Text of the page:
Blog : BOARD TALK
|Posted on March 25, 2015 at 7:30 AM|
The good news: the UK is now fifth in the world when it comes to the number of women in non-executive director positions in plc boardrooms. Women hold 23.5% of FTSE 100 non-executive director (NED) positions, and the target of 25% by end 2015 - set by Lord Davies in his review for the UK government four years ago - is within sight.
But before the champagne corks start popping, it is worth looking at the whole picture.
The 2015 Female FTSE Report is an excellent document. Its authors have become braver over the past four years about making all the nuances of this debate around the absence of women in the UK's boardrooms clear, instead of just joining the bandwagon.
Counting each appointment and chivvying business along with regular rankings praising the companies with more women has worked - but only upto a point. If you really want to measure 'culture change' you look at the departures as well as the arrivals of women in the boardroom, including executive positions.The percentage of women holding executive positions in the FTSE 250 has actually fallen - to a paltry 4.6%.
It would also make sense to look hard at the tenure and record of the men. How many male non-executive directors have served over nine years in the FTSE 100 ? How many are chairmen - with established networks and loyal headhunters (who often also do their board evaluations) in tow?
Cranfield tells us (page 30 of the report); there are still 70 male NEDs - and nine female ones - who have served over nine years. Of those 70 male NEDS 21 are Chairmen.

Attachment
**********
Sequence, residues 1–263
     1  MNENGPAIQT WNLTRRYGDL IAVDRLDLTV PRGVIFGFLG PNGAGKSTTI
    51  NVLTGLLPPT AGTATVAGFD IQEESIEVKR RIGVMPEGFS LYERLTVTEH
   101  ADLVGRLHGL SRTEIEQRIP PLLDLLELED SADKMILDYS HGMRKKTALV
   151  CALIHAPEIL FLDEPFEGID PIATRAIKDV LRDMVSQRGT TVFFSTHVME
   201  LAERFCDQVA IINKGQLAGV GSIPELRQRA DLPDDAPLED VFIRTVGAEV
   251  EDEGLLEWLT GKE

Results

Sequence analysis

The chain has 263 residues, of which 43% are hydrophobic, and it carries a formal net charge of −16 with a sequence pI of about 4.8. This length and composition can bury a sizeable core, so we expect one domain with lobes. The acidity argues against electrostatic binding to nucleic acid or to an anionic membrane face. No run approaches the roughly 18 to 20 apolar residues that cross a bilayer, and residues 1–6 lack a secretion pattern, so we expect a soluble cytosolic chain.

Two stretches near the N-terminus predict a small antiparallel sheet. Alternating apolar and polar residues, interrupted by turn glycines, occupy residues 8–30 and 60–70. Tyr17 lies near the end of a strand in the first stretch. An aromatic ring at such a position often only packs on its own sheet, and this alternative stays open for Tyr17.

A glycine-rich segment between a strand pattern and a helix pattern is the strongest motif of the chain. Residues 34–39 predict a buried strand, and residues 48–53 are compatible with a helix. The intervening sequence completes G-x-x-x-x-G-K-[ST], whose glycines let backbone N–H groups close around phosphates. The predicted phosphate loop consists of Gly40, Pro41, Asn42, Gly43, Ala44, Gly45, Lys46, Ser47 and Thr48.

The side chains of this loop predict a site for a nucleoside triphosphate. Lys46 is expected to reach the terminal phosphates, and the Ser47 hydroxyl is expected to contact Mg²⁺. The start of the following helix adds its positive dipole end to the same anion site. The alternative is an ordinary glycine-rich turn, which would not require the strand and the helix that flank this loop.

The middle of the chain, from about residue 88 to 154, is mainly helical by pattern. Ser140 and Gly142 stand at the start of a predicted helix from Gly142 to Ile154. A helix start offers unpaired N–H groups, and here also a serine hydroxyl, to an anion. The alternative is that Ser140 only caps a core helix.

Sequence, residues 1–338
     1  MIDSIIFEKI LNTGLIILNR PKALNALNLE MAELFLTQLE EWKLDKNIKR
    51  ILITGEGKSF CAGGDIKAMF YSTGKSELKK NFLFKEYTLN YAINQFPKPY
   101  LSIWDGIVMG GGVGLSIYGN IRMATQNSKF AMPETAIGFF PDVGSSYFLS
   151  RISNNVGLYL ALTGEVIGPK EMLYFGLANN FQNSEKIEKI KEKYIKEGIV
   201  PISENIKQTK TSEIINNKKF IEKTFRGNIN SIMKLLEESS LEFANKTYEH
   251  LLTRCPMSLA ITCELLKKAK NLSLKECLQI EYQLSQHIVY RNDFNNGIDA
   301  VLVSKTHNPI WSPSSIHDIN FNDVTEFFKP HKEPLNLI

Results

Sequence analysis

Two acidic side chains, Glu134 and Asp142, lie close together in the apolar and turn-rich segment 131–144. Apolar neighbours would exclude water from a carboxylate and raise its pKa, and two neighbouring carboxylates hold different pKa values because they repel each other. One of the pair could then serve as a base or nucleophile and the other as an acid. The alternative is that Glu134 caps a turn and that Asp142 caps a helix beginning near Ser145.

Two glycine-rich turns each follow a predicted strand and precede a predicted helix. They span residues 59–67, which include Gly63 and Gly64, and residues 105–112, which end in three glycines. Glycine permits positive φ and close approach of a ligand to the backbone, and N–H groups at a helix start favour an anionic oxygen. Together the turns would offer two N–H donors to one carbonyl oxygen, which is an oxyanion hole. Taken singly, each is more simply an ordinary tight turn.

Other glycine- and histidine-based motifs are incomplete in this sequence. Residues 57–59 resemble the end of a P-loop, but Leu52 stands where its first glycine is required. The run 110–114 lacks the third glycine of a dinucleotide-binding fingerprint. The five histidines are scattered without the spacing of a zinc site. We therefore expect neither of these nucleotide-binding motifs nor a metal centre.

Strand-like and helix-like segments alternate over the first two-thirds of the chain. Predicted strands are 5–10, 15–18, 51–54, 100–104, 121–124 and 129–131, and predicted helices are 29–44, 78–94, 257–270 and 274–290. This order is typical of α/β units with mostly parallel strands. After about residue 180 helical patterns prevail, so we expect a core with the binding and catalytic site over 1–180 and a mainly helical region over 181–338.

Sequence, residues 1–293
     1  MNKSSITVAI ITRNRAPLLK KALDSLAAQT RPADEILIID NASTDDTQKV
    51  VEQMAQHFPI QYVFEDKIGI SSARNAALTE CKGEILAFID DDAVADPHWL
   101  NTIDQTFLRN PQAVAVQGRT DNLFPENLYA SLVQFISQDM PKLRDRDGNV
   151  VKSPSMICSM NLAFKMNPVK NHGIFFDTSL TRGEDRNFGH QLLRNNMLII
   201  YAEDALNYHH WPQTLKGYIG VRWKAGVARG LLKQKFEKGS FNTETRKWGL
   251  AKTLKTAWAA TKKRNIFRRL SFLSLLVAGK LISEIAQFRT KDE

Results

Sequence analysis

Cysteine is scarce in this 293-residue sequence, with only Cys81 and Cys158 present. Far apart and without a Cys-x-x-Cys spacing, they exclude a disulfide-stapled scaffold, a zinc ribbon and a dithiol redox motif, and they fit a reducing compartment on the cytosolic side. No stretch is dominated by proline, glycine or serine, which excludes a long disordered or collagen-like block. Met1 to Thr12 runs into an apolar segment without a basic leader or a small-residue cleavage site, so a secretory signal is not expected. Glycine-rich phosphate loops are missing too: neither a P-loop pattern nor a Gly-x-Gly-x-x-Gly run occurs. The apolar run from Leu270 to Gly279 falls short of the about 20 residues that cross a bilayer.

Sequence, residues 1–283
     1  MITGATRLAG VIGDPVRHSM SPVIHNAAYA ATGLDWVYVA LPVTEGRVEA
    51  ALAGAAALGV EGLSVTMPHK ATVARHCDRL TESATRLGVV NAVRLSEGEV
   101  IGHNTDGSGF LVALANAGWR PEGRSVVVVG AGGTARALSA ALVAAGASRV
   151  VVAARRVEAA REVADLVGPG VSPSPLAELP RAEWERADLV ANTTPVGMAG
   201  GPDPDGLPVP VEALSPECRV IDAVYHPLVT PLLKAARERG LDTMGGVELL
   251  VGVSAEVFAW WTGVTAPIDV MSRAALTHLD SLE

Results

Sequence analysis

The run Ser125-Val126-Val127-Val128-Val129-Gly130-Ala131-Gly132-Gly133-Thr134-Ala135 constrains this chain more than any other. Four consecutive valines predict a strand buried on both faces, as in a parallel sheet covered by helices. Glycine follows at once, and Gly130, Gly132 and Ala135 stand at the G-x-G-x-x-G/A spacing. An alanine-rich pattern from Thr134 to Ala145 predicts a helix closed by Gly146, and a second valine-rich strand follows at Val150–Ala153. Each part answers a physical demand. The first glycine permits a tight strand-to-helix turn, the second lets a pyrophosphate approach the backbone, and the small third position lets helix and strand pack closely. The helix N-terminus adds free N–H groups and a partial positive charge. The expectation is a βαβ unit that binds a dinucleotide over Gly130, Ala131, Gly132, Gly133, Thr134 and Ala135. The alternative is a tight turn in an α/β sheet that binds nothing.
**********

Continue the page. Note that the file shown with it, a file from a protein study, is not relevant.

As Susan Vinnicombe says: "It has taken many years for the debate on women on boards to be taken seriously."
Ultimately, there are a limited number of positions at the strategic top of business. For new blood, and diversity - including gender diversity - someone has to leave.
The ideas put forward by Cranfield seem an excellent place to begin, for the FTSE 100: enlarge board size by simply adding one woman to each board - and limit the tenure of directors.
As for the FTSE 250, the state of play on diversity there shows that the talk ofhttps://www.gov.uk/government/news/women-on-boards-numbers-almost-doubled-in-last-4-years" target="_blank"> "the change in culture that is taking place at the heart of British business" may be a bit premature.
Egon Zehnder, the global executive search firm, has consistently provided some of the best coverage of the trends around the boardroom (which is doubtless why Cranfield has used them in its report). It is also committed to raising the number of women in the UK's boardrooms, which it is publicising with a #25by25 Twitter conversation.
At an unusual event in London this week with leaders and their daughters to inspire the next generation of women leaders Liv Garfield, the youngest of five women CEOs in the FTSE 100, urged young women to "find a supportive boss - or move jobs."
Now would she have given such advice if we were seeing major culture change? We keep telling the women what to do to get ahead - perhaps we also need to suggest that some of the men move on.